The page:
In Surkhet, we recently met ‘Sita,’ a young woman running a successful printing business, one that she has established and grown, overcoming numerous obstacles in the process. She shared a story about going to sell a piece of her own land and transfer ownership, when a local official asked her for her husband’s approval and was clearly worried about what she might do with the money. He asked her if she drank alcohol. When she bought more land with the money, the man selling it to her was not submitted to a similar barrage of questions and doubt. Despite good laws for promoting women’s economic empowerment, implementing them and changing perceptions and behaviors remains a challenge.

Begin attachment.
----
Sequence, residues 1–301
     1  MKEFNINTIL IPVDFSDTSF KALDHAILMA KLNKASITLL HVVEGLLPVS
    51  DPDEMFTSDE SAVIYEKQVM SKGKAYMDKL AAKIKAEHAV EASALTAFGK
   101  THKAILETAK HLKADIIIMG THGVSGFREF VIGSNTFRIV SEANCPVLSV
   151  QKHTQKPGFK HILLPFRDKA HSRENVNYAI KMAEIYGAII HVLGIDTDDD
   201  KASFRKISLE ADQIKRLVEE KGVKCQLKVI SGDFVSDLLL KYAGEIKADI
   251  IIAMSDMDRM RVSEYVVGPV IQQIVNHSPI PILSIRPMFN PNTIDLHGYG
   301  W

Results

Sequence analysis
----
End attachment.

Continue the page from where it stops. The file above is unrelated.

These are the times in Nepal when the debate is not whether local level election will take place on May 14, as planned, but whether Madheshi forces will allow it. Election atmosphere is building across the country. People have started to discuss leaders and parties they will vote for, even predict who will win most seats in the polls that are taking place after two decades.